What may become of the spark plug in the future? For one thing, it may get much smaller. Heads are becoming full of holes. Along with multiple valves, there is now direct injection. As displacement continues to shrink so does the space in the head for spark plugs so they may become as thin as pencils.

Another possible solution is lasers. They are already being employed on large stationary industrial engines.

Yet another possibility is plasma ignition. It is found on some race car engines and jet aircraft engines.

Bosch reports that homogenous charged compression ignition (HCCI), which is similar to that used by diesel engines, is a technology being investigated.

Corona discharge is another technology on the near horizon. Champion Spark Plugs has as patent pending on a spark plug that creates long streams of ionization to replace the small spark created across a conventional gap.

Then again, ignition may be supplied by something completely new and ingenious like what happened over a century ago.

Spark plug replacement

Spark plug replacement is such a routine job, that it is often assigned to a rookie in the shop. But it does not hurt anyone to review the steps for proper plug replacement.

• Start with a cold or cool engine. This helps avoid thread damage, especially in aluminum heads.

• Unless the plugs are protected from the environment such as COP plugs, used compressed air to blow any sand, dirt or debris from the spark plug wells.

• Crack the plugs loose using a spark plug socket. If they fight back, squirt a little penetrant into the well and allow it to soak in for several minutes. Ford Triton engines may need to soak as long as overnight. (See ASP May/June 2011.)

• If the plugs did not come out smoothly, you may want to chase the threads in the cylinder head (use a chaser tap to re-form the threads, not a cutting tap.)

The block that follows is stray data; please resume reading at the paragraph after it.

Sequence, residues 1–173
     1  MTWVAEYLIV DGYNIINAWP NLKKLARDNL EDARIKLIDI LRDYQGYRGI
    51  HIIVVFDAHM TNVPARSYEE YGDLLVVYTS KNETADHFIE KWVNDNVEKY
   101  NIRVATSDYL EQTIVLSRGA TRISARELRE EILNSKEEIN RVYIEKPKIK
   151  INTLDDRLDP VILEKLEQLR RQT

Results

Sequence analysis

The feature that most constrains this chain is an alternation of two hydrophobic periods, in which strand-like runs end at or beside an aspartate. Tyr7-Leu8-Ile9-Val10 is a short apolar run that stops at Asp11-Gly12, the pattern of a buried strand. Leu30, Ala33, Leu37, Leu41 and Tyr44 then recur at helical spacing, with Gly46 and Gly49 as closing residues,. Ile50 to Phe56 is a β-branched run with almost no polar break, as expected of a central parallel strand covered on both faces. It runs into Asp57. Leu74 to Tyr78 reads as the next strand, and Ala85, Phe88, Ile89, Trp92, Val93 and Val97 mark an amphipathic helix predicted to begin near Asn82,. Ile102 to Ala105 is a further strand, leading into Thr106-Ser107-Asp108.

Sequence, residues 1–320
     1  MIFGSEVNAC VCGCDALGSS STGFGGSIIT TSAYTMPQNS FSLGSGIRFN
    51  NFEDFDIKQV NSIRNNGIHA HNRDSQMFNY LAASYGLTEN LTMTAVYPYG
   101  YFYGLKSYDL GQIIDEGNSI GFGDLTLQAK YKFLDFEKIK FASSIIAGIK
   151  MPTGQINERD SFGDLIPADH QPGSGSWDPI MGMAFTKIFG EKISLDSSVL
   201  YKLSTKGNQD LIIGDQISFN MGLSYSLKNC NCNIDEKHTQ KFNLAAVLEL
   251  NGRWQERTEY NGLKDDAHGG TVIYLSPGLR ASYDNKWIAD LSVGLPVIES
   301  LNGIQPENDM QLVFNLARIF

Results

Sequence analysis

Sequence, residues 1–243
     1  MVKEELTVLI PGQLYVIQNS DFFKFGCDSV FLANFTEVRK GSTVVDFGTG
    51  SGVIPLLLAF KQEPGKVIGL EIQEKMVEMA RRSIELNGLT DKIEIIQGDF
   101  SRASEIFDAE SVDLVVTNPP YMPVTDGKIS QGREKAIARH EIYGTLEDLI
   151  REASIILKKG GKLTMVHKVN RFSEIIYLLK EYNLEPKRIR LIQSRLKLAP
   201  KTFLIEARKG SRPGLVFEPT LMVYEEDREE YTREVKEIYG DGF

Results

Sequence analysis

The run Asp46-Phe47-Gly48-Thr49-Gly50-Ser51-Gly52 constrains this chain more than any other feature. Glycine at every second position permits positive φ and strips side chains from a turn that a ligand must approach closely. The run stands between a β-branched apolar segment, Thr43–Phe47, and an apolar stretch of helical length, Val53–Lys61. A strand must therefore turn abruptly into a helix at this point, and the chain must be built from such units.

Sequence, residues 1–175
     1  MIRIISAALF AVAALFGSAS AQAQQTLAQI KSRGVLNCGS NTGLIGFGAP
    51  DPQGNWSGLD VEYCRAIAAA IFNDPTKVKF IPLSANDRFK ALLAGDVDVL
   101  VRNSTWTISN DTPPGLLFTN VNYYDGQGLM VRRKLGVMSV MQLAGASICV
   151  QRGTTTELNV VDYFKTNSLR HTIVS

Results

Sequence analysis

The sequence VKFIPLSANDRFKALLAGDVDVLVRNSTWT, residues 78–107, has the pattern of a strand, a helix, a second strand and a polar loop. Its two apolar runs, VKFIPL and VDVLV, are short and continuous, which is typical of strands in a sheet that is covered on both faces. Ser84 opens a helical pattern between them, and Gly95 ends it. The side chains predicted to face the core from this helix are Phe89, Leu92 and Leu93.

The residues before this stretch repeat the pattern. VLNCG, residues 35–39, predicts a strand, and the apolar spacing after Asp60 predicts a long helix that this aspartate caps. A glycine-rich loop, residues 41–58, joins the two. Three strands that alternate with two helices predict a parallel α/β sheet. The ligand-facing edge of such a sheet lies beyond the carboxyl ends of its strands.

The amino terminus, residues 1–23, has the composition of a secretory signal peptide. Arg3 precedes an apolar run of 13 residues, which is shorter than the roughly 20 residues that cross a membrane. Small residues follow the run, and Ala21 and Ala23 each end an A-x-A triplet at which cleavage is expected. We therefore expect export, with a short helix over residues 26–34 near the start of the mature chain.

• Check the gap on new plugs. Most spark plugs come properly gapped from the factory, but it never hurts to verify. If you need to re-gap do not pry on the center electrode as it will likely snap off.

• Do not use anti-seize compound even if those old timers say you must. It can lead to fouling and over-tightening. Today’s plugs are treated to prevent seizure. If you insist, apply anti-seize very sparingly to only the top few threads to prevent it from getting on the electrodes and reduce torque by about 30%.

• Install the new plugs by hand to avoid cross-threading. In deep, hard-to-reach places, put a length of vacuum hose on the plug to extend your reach.

• Use a torque wrench in order to properly tighten according to the engine manufacturer’s specs. Improperly torqued spark plugs can lead to costly damage.

• If you refuse to use a torque wrench, give flat seat (gasketed) plugs a 90-degree turn after they make seat contact. Give conical-seat plugs a 15-degree turn. Do not use a half-inch drive ratchet.

Spark plug heat ranges